I have yet to book a ride through Uber, but now I have a pretty good idea of what it’s like to drive for Uber, at least in Portland, Ore.:
“GEORGE—eyebrows grown crazy, like weeds. Don’t these people ever look in the mirror? I can see the wild hairs in my rear view—sprouting out of each brow. Pick him up at Powell’s Books and take him to hotel across river. An old vet (veterinarian, not military) in town for a conference. Hope ya brought some scissors, Captain Kangaroo.”
“CHARLOTTE—in town from San Diego for cousin’s wedding. She’s eight months pregnant and left party early. I switch radio to classical for her unborn to hear. I’ve heard classical is what to play for babies. But they’re playing Bach who’s a bore, so I change it back to rock station. Talking Heads. Now we’re talking.”
Not to mention this:
“JEFF—take him to work at a local brewery. Left his car there last night and took Uber home. Partied a little too hearty. Bloodshot eyes like two hardboiled eggs in V8. I know that look—from both directions. I turn the radio down. Greasy junk food is the cure I tell him—with a vanilla shake. Trust me.”
These brief, evocative entries, gathered in a book titled “Driving With Strangers: Diary of an Uber Driver,” are the work of Tom Vandel, a native of Billings who has been living in Portland since 1986, where he runs his own ad agency, Les Overhead.
Vandel, who contributed an essay to our Lay of the Land series, said he started driving for Uber last April, two days after the company won approval to operate in Portland.
Uber is the taxi company that is not a taxi company. It operates the Uber mobile app, which allows people with smartphones to submit a trip request, which is then relayed to the nearest Uber driver, who is driving his or her own car. Real taxi companies hate Uber, consumers love it, Wall Street hails its genius.
Vandel graduated from Billings West High in 1973 and worked in radio and advertising here. He also put in a couple of hard summers at the sugar factory, memories of which he says he is still trying to kill with alcohol.
He always thought of being a cab driver, he said, and Uber gave him the chance to see what it was like. He elaborated on the experience in an email: “The money wasn’t as good as they said (more like $17-$20 an hour net—after taking out for gas and depreciation). But better than sitting on my fat, motionless butt. Meeting different folks doing different things and going all over the place has been interesting. There’s a lot of shit going on out there—both work and fun. And I had no idea women swore so much.”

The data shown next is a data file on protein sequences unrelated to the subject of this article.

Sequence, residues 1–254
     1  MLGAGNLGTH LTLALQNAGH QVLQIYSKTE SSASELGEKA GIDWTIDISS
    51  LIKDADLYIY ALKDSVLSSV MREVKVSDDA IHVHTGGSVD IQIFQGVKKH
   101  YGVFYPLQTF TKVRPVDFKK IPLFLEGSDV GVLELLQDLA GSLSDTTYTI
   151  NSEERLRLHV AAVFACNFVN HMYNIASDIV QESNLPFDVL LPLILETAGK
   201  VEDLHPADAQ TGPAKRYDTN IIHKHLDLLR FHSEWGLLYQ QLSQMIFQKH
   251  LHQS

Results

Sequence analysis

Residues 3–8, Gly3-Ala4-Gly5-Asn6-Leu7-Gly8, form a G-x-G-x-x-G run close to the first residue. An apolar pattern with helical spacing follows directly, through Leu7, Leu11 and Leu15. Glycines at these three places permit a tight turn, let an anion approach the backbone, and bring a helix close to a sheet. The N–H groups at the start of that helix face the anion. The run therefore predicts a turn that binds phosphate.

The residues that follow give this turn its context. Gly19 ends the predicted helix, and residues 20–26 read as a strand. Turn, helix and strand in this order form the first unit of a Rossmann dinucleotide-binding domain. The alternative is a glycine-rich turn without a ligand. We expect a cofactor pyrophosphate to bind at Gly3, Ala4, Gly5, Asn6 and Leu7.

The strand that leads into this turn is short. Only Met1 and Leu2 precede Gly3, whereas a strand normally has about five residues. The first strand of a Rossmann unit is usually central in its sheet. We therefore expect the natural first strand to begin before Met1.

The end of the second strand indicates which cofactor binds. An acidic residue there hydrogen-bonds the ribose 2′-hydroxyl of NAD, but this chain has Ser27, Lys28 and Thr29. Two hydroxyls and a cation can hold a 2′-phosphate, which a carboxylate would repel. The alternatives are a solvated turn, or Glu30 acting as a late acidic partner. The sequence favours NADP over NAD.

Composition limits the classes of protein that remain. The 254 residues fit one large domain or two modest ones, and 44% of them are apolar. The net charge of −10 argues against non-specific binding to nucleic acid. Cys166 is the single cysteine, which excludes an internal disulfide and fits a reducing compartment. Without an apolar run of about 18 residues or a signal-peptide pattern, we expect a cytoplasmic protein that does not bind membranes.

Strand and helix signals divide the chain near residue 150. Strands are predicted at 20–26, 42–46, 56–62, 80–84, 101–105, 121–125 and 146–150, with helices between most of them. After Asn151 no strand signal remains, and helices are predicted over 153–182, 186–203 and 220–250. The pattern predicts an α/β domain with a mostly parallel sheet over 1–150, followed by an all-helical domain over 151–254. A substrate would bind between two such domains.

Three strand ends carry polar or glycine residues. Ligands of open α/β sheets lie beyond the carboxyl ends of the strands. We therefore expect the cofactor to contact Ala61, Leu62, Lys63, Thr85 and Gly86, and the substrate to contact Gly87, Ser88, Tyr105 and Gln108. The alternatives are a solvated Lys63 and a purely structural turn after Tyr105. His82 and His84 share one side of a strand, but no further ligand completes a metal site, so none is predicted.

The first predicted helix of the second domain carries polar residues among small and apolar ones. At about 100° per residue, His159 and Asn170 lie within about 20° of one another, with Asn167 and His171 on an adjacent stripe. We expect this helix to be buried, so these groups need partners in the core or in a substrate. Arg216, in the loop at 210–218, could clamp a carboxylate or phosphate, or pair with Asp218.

Starting with his first fare, he kept notes on each ride—what the person was like, where they went, what they talked about. He wasn’t sure what to do with his notes, though, until he talked with an artist friend in Portland, Karen Wippich.
She told him she was looking for some way to show the series of art portraits of various people she’d been producing. At first, he said, he wasn’t sure her offbeat portraits would match his little character sketches.
“But upon seeing them together,” he said, “I thought they had an amazingly similar vibe and tone. It was a kick to write once I had the right attitude and voice.”
Vandel said his daughter Ruby also provided a helpful critique (“Uh, pretty boring, Dad.”) after seeing an early rendition of the sketches, which inspired him to write with more personality and a little more edge.
However it all came about, it works, and as Vandel said, his pieces match well with Wippich’s portraits. My middle daughter was over the other day and picked up the book, intending to read two or three entries, and read the whole thing (it’s only 49 pages) in one sitting.
And my daughter is 31. That’s demographic gold, people.
Wippich also designed the book, which is produced and printed by Createspace, the print-on-demand publisher. Vandel and Wippich have been selling them around Portland and the book is also available online.
We don’t have Uber in Montana yet, but there’s no reason this book shouldn’t appeal to anyone who likes good writing and good art. It would make a good Christmas gift is what I’m saying, and Vandel says it also makes a nice cheese plate. But you probably want to read a few more excerpts. Fine:
“MAYUR—a Brit from London. Works as a coffee salesman. I say that’s a long way to fly to sell some beans. I ask for vacation tips. Majorca, Spain, is his go-to spot. He asks me where I like to go. Astoria, Oregon. He’s never heard of it. Good, I say. We don’t need no redcoats invading. He laughs—thinks I’m joking. I’m not.”
“DELILAH—too much perfume, too much perfume, too much perf … losing consciousness.”
“CHERRY—I see her walking towards me as I’m parked just off Burnside. She slides in and I can tell she’s crying. I ask how she is. Better now, cause I just kicked my jerk boyfriend out. Sniffs and sobs. He never paid a cent of rent and all he does is sit around getting high. I can’t take it, she says. He’s a leech. I tell her she was smart to give him the boot, I drop her at a friend’s place. Some guys are assholes. It’s a fact.”